Published 14 February 2017 Category: Startups

Hong Kong's Startup Scene: What You Need To Know

Welcome to Hong Kong: Home of Bruce Lee, the stunning Victoria Harbour, and now, perhaps somewhat unexpectedly, one of the most dynamic start-up scenes in Asia. Having played host to Asia’s well-established financial companies for decades, the city is finally being disrupted by budding, hungry entrepreneurs with ideas extending finance to tech to life and style.
The numbers are growing, which is a fantastic sign. InvestHK found the startups are up in 2016 to almost 2,000 from about 1,500 the year before; and the world is taking notice. Elon Musk himself made an appearance at last year’s StartmeupHK Venture Forum. For Hong Kong, it’s an exciting time to be a startup.
But how are these young entrepreneurs pulling it off—and what do startups need to survive, both in Hong Kong and the rest of ever-moving Asia? Basically, they’re getting incredibly creative with their ideas. Take Neat, which helps students and first-time jobholders, register for pre-paid credit cards without a credit history. Instead; all they need to do is register their faces through its facial recognition software.
They’re not all so serious, either—but just as ingenious. There’s new wine-and-dine app Happy Owl, which lets users get a break from Hong Kong’s high prices and redeem drink and meal deals everyday. By doing something as simple as promising foot traffic through the door to the venues it partners with, the app thrives from a mutually beneficial partnership between users and partners.
There are two major factors that help startups to thrive so well in Hong Kong. One is the blockchain: basically, a decentralized database that records digital transactions. It seriously cuts down on the time that startups need for transactions, making the city an attractive choice to do new business. Second are the choices for flexible office space: with demand set to rise 63%, Hong Kong has ample choices for startups to rent offices.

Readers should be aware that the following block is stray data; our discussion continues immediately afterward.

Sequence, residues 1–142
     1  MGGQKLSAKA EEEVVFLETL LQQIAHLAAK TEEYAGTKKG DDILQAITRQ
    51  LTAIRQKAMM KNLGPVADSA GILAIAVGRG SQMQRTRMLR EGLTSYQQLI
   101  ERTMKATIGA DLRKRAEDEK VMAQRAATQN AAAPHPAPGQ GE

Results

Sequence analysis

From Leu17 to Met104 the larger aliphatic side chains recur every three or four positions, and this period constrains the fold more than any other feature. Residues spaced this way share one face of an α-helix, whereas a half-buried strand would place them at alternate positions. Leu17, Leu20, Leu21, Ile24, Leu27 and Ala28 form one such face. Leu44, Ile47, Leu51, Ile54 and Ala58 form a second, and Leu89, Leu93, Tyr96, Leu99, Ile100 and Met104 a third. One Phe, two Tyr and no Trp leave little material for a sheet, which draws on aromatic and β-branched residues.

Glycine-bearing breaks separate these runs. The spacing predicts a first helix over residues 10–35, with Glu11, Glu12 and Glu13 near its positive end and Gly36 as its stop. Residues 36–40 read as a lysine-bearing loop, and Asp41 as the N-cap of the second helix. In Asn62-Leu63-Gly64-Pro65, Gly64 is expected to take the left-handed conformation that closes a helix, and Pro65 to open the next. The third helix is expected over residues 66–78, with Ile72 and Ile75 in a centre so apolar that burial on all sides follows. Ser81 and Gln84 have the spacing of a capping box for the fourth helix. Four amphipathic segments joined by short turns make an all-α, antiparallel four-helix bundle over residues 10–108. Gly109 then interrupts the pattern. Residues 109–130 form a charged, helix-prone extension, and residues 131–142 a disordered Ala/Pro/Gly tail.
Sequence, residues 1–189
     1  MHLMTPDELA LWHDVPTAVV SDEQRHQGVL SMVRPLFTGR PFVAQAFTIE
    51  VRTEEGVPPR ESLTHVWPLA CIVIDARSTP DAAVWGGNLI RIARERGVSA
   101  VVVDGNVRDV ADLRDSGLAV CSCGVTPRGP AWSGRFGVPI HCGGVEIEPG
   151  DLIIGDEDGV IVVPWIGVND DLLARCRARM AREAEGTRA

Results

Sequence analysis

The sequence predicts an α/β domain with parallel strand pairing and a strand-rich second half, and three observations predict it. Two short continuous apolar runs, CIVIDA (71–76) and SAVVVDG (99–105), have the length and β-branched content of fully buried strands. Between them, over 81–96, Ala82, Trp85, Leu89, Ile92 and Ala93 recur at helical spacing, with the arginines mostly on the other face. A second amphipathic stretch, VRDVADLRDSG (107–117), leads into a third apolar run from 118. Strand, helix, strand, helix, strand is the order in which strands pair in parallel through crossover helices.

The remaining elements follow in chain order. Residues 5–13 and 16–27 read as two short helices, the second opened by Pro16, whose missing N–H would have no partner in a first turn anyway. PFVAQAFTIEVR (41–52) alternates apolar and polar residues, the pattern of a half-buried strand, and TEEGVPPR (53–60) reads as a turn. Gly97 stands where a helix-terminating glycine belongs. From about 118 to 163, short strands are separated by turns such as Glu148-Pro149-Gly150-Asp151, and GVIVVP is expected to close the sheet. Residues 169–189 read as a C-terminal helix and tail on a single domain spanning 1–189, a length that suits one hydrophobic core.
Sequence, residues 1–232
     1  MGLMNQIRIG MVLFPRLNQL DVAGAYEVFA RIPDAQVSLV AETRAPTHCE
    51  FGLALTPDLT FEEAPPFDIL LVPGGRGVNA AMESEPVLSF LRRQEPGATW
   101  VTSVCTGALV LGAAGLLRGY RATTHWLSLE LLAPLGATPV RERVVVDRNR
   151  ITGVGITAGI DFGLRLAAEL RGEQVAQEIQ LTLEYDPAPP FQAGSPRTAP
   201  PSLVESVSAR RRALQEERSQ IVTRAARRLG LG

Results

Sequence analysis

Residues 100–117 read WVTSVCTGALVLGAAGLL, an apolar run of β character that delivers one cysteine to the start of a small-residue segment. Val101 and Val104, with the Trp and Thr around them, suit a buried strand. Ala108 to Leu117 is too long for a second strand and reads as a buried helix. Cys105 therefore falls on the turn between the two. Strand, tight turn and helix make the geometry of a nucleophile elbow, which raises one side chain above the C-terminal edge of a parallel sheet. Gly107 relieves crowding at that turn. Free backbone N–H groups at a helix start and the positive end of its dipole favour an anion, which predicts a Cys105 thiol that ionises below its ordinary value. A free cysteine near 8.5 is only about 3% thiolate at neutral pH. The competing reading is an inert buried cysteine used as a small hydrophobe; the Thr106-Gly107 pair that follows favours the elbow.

Meanwhile, Hong Kong-based Lalamove—has been dubbed the “Uber of logistics” for its services. A user launches the app to order a van for moving services; in January, it announced a new motorbike service. The startup plans to launch an IPO in two years and already has a presence across southeast Asia and upwards of 40 cities in China. The startup received funding last year from giant Alibaba.
Also, in Hong Kong, accelerators abound, like Betatron, which offer not only funding and mentorship, but flexible office space to work in. They’ve converted some of that flexible office into a “lab”, where they can focus on the startup’s challenges on how to move it forward. The SuperCharger Fintech Accelerator Program this year entered its second phase, where representatives from major banks sponsor programs to scale-up new entrants on the booming fintech scene; they also use flexible office space from Hong Kong’s cutting edge Cyber Port to create an incubator.
Of course, Hong Kong still has its challenges when it comes to the startup culture. Rent and startup costs are expensive; also, society is still conservative, meaning many young people rather go into traditional job roles. Ultimately, though, the city is getting more progressive.
Hong Kong is fast becoming an attractive city for entrepreneurs and venture capitalists alike. And while it will have to compete with the likes of Alibaba’s campus not far in Hangzhou—where over 1,000 startups have boomed—and of course, Singapore, also a thriving hub for startups—the prognosis for Hong Kong is optimistic. Startups, accelerators, government programs, and flexible office spaces are ticking up every year, especially last year.
There’s even talk of what’s called “Shen Kong”—merging the booming startup scenes of Hong Kong and Shenzhen, just over the border in mainland China, to cut competition and create something even bigger than Silicon Valley.